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Best Famous John Trumbull Poems

Here is a collection of the all-time best famous John Trumbull poems. This is a select list of the best famous John Trumbull poetry. Reading, writing, and enjoying famous John Trumbull poetry (as well as classical and contemporary poems) is a great past time. These top poems are the best examples of John Trumbull poems.

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Written by John Trumbull |

The Country Clown

 Bred in distant woods, the clown 
Brings all his country airs to town; 
The odd address, with awkward grace, 
That bows with half-averted face; 
The half-heard compliments, whose note 
Is swallow'd in the trembling throat; 
The stiffen'd gait, the drawling tone, 
By which his native place is known; 
The blush, that looks by vast degrees, 
Too much like modesty to please; 
The proud displays of awkward dress, 
That all the country fop express: 
The suit right gay, though much belated, 
Whose fashion's superannuated; 
The watch, depending far in state, 
Whose iron chain might form a grate; 
The silver buckle, dread to view, 
O'ershadowing all the clumsy shoe;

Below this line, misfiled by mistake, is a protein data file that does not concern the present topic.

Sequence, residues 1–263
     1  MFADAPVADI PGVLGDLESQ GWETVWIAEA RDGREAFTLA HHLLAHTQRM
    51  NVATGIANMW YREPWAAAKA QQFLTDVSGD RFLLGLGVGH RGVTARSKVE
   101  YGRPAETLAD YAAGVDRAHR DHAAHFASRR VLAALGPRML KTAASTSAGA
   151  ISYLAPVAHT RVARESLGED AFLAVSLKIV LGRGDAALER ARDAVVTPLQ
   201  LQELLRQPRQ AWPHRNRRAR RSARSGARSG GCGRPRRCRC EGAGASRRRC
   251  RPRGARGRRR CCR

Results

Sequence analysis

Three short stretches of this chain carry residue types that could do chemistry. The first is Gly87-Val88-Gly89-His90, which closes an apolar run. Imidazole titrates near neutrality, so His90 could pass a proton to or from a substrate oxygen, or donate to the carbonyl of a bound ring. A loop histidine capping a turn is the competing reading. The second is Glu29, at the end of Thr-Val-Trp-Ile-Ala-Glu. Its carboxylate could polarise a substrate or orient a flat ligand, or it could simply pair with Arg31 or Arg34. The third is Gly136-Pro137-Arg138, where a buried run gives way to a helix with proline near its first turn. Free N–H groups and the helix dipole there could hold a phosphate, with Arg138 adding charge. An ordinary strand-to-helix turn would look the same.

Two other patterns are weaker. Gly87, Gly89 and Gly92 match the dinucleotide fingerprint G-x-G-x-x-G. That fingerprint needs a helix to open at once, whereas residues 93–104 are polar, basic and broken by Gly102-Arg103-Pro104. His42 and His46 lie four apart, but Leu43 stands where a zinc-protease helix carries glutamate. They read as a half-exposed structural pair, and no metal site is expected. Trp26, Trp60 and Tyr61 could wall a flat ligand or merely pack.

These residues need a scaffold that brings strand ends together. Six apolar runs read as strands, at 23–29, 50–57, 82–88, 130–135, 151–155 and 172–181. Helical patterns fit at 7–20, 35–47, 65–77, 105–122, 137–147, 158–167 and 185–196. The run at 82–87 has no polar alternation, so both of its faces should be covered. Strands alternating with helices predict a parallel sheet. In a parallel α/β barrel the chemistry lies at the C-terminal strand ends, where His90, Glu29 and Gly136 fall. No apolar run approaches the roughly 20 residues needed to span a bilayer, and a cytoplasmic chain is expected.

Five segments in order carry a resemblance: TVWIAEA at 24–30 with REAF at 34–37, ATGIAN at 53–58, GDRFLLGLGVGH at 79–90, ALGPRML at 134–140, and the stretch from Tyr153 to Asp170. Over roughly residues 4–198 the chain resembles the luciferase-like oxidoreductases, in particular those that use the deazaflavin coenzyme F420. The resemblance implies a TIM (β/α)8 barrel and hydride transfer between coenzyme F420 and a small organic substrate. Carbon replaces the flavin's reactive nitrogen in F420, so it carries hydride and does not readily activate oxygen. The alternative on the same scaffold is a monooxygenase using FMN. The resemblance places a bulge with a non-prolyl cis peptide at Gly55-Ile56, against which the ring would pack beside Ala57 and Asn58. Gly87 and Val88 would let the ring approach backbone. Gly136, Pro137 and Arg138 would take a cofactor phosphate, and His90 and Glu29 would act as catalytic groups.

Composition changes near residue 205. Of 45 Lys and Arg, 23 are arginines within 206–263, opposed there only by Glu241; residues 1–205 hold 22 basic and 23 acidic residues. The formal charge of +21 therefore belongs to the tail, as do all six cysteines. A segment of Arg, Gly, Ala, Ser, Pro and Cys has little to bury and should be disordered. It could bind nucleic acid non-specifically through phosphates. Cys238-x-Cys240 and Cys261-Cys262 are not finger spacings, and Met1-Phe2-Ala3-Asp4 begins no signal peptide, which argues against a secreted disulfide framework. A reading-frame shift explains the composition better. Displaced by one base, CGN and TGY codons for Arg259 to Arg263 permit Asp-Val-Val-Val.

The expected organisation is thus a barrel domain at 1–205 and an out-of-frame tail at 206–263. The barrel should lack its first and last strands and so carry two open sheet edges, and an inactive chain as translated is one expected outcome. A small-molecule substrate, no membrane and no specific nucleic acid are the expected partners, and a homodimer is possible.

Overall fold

The white-gloved hand, that tries to peep 
From ruffle, full five inches deep; 
With fifty odd affairs beside, 
The foppishness of country pride.
Poor Dick! though first thy airs provoke The obstreperous laugh and scornful joke Doom'd all the ridicule to stand, While each gay dunce shall lend a hand; Yet let not scorn dismay thy hope To shine a witling and a fop.
Blest impudence the prize shall gain, And bid thee sigh no more in vain.
Thy varied dress shall quickly show At once the spendthrift and the beau.
With pert address and noisy tongue, That scorns the fear of prating wrong 'Mongst listening coxcombs shalt thou shine, And every voice shall echo thine.

Written by John Trumbull |

Beneath A Mountains Brow

 "Beneath a mountain's brow, the most remote 
And inaccessible by Shepherds trod, 
In a deep cave, dug by no mortals hands 
An Hermit lived,--a melancholy man 
Who was the wonder of our wand'ring swains: 
Austere and lonely--cruel to himself 
They did report him--the cold earth his bed, 
Water his drink, his food the Shepherd's alms.
I went to see him, and my heart was touched With reverence and pity.
Mild he spake, And entering on discourse, such stories told, As made me oft re-visit his sad cell.